Is It Really “Just Fate”?
“IT DOESN’T matter who you are or what you’re doing,” the grieving man said, “things like this can happen.” Chunks of granite had fallen from a building, fatally striking his friend. “It’s fate,” he somberly concluded.
But are we really helpless pawns of something called fate? This question has perplexed man for centuries, and with good reason. As King Solomon once observed: “The swift do not have the race, nor the mighty ones the battle, nor do the wise also have the food, nor do the understanding ones also have the riches, nor do even those having knowledge have the favor.” (Ecclesiastes 9:11) What accounts for such disparities?
Solomon explained: “Time and unforeseen occurrence befall them all.” But many believe that God decides their destiny. For example, many espouse 16th-century theologian John Calvin’s theory of “predestination.” Other clergymen had claimed that God preordains individuals to be saved. Calvin, however, took this to the logical and frightening conclusion that men were also predestined to damnation! He called this the decretum horribile, or “the horrible decree,” of God.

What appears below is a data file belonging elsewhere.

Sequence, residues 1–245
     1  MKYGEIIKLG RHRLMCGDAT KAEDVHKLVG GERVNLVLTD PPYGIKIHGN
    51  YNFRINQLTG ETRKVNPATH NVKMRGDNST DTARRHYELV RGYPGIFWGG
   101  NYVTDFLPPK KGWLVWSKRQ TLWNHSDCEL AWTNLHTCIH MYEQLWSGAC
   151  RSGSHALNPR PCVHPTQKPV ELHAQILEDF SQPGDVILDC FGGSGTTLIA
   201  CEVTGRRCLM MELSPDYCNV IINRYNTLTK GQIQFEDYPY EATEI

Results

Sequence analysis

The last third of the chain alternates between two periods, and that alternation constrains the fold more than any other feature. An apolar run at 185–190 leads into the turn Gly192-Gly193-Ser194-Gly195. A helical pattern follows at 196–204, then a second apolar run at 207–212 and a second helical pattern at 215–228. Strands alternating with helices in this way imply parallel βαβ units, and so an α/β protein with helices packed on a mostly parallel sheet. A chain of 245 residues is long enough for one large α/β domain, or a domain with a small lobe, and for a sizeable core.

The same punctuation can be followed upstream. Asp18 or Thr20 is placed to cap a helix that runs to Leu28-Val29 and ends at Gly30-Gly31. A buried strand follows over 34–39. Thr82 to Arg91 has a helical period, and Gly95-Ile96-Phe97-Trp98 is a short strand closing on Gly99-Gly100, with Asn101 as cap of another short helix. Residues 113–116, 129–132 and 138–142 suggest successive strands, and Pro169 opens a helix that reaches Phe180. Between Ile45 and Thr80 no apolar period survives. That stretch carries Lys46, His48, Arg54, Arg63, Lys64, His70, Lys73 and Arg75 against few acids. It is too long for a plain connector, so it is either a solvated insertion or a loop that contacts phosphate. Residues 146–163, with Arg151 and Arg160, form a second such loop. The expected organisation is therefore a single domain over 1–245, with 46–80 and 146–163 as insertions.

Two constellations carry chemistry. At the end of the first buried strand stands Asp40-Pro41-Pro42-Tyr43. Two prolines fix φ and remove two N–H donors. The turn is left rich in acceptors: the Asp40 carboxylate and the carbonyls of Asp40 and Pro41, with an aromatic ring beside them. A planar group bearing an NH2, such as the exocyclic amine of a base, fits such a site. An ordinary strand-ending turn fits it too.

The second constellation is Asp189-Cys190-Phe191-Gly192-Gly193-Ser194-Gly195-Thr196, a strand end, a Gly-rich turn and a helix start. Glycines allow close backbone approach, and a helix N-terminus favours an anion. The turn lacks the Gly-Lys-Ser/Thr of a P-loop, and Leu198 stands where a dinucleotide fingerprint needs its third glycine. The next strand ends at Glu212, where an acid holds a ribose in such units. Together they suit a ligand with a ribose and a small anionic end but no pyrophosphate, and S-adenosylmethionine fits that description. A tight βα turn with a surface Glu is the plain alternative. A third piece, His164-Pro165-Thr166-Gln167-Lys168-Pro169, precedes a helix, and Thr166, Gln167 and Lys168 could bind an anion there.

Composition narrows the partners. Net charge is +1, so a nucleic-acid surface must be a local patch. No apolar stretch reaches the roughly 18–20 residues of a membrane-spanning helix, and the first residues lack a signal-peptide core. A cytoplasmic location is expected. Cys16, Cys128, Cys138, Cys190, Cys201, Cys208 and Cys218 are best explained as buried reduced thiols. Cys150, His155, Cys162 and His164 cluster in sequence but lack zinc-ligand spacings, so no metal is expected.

Some objected that such a doctrine made God responsible for sin. But in an attempt to refute “a certain worthless person” who opposed his theory, Calvin indignantly replied: “This wretched fellow does not see that, by snatching at false pretexts for excusing the justice of God, he thereby subverts his power.” It was inconceivable to Calvin that an almighty God would not possess absolute foreknowledge.
Belief in predestination or in fate is bound to have a profound effect on a person’s way of life. But does the Bible really teach that we are locked into a predetermined future, that we are simply victims of “fate”?